The City Council passed unanimously a moratorium on construction on paper streets last Friday.

City officials have described the moratorium as a “time out” designed to allow the city to take a look at its development ordinances and see whether there are any changes the city deems necessary.

In a strange twist in the debate, residents next to the construction site off Chestnut Street that’s been at the center of the debate got a scare last week when firefighters were called to determine whether live blasting caps had been scattered throughout the site. As it turned out, the blasting caps had already been expended.

Residents came to a special Friday afternoon meeting of the City Council to urge them to pass the moratorium, and to make sure the council was aware of the potentially dangerous situation that was discovered the day before the meeting.

Last Wednesday evening, Robert Foley of Mitchell Street was walking through the site to retrieve his daughter who was playing there when he saw wires used for explosives detonation, as well as some used blasting caps used to trigger explosives. In addition, Foley also saw wires leading into holes in large rocks on the site that he believed could have led to unexploded blasting caps.

Foley said he did underwater demolition work for eight years, and he knew the potential danger posed by a live blasting cap. “A blasting cap is something that without a question of a doubt can take a hand, arm or leg right off,” he said. “We’re not talking about a firecracker here.”

Concerned over the safety of the children in the area who have been drawn to play on the rocky site, Foley called the fire and police departments on Thursday to have them look at the site.

Members of the Westbrook Fire Department as well as Code Enforcement Officer Rick Gouzie inspected the site and while they were walking up the partially constructed road, tangled lengths of detonation wire as well as several expended blasting caps were in plain view.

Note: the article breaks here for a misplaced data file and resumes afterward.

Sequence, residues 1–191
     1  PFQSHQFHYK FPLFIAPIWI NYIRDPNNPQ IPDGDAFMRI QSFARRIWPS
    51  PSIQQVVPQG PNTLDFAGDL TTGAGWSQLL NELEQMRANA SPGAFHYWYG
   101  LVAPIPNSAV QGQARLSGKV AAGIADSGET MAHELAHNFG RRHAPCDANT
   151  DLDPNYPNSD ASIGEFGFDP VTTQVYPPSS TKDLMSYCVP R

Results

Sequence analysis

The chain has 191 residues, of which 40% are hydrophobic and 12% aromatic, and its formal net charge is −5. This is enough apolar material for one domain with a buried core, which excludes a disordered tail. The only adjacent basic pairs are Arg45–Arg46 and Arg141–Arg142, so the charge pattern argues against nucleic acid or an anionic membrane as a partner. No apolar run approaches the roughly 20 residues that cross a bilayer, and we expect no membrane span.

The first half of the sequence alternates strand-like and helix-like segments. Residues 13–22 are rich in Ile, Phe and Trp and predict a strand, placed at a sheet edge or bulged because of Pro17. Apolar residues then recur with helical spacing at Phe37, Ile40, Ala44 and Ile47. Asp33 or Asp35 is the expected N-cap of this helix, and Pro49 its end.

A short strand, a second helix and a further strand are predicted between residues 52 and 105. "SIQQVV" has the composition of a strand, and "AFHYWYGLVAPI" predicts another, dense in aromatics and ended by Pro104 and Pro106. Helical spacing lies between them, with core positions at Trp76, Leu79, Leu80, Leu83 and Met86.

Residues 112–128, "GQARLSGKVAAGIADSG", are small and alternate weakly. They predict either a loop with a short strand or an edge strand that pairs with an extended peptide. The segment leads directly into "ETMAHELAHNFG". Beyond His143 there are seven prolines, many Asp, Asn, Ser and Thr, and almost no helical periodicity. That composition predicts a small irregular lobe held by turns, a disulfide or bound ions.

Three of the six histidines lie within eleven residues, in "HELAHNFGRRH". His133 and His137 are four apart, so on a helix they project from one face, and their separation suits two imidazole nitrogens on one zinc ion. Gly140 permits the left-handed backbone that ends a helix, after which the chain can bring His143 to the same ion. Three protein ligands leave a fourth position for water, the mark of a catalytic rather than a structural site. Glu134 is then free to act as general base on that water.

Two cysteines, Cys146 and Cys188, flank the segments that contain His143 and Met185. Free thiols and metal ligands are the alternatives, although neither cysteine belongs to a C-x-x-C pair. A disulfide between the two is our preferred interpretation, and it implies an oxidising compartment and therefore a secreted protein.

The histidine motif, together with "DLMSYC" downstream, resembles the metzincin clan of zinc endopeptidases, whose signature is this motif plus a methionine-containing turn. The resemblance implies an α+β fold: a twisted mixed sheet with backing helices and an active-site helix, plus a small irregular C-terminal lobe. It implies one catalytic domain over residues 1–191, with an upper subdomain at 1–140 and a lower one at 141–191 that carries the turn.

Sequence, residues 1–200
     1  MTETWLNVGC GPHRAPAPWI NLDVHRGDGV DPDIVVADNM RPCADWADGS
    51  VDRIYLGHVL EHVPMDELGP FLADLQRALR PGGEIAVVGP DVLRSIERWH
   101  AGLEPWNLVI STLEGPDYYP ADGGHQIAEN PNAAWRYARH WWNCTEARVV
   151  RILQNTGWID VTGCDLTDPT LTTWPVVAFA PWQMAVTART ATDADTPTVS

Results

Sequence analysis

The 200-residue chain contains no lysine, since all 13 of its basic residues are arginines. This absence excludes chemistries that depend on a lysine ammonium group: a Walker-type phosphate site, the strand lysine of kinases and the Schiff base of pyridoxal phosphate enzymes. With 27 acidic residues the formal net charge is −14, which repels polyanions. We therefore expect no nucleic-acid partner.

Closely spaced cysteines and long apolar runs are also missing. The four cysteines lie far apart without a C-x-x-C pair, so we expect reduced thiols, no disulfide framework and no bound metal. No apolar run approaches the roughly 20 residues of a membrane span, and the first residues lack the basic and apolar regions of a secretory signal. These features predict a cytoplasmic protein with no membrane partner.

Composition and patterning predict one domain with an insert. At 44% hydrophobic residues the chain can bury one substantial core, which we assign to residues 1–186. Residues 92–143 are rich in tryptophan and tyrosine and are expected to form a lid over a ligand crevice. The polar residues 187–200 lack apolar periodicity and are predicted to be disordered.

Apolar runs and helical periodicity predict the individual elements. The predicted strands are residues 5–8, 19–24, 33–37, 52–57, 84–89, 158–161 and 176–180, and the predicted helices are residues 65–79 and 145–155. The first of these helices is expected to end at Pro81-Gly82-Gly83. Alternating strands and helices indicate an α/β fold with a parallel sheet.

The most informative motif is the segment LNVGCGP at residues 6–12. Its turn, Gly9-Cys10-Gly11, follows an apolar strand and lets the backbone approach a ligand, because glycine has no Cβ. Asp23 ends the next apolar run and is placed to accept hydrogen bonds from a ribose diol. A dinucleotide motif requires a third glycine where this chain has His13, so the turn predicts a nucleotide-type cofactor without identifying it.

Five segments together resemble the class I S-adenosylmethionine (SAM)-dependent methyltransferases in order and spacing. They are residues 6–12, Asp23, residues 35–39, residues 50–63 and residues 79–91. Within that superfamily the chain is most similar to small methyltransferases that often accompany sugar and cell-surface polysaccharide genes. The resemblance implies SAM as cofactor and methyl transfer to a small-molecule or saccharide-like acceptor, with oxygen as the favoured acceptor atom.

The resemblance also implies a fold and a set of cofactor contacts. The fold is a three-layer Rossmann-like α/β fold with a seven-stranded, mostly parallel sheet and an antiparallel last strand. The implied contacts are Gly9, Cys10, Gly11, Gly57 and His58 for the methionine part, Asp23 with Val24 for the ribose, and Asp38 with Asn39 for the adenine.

What caused the most concern, however, was a large boulder with a hole drilled into it. Coming out of the hole, which was filled with small pieces of gravel, was an approximately 6-inch length of orange wire that looked like it could have led to an unexploded charge. Seeing that, Fire Chief Gary Littlefield and Fire Inspector Lt. Chuck Jarrett made the decision to close off the site and call in experts from the state Fire Marshal’s office and the State Police.

After representatives from both the Fire Marshal’s office and the State Police looked at the site, officials called Drilling and Blasting Rock Specialists of Gardiner, the company that was doing the blasting, to have someone from the company come to the site.

The blasting company employee determined that there was no danger. Fire officials said the blasting company employee said the charge had indeed exploded, but instead of blowing debris up, the blast had gone down, and it was not evident from looking at the top of the hole that the charge had gone off.

Once it was determined the area was free of unexploded charges, Littlefield directed the blasting company employees to walk through the site and pick up every piece of blasting wire and all of the expended blasting caps.

Foley said he was relieved there were no live explosives on the site, but he added he is still concerned that the area is dangerous. “I will not let my kids play back there,” he said.

Now that the moratorium has been approved, the Planning Board and the City Council will be looking at the city’s land use ordinances and will determine what changes need to be made. The City Council’s Committee of the Whole will be discussing the issue at a future meeting. The date of that meeting had not been set as of the American Journal’s press time.

A close up view of one of the expended blasting caps discovered on the ground at a construction site off Chestnut Street on Thursday afternoon.Fire Chief Gary Littlefield (left) and Fire Inspector Lt. Chuck Jarrett examine a length of detonation wire at a construction site on Thursday afternoon.Fire Inspector Lt. Chuck Jarrett (left), Code Enforcement Officer Rick Gouzie (center) and Fire Chief Gary Littlefield look at a potentially live explosive charge embedded in a rock on Thursday, The charge was later determined to have been expended.Fire Inspector Lt. Chuck Jarrett takes a closer look at a hole containing detonation wire. Officials later determined there was no live charge in the hole.Fire officials were concerned that this hole drilled in a rock at a construction site off Chestnut Street still contained an explosive charge. It was later determined that the charge had already exploded and there was no danger.

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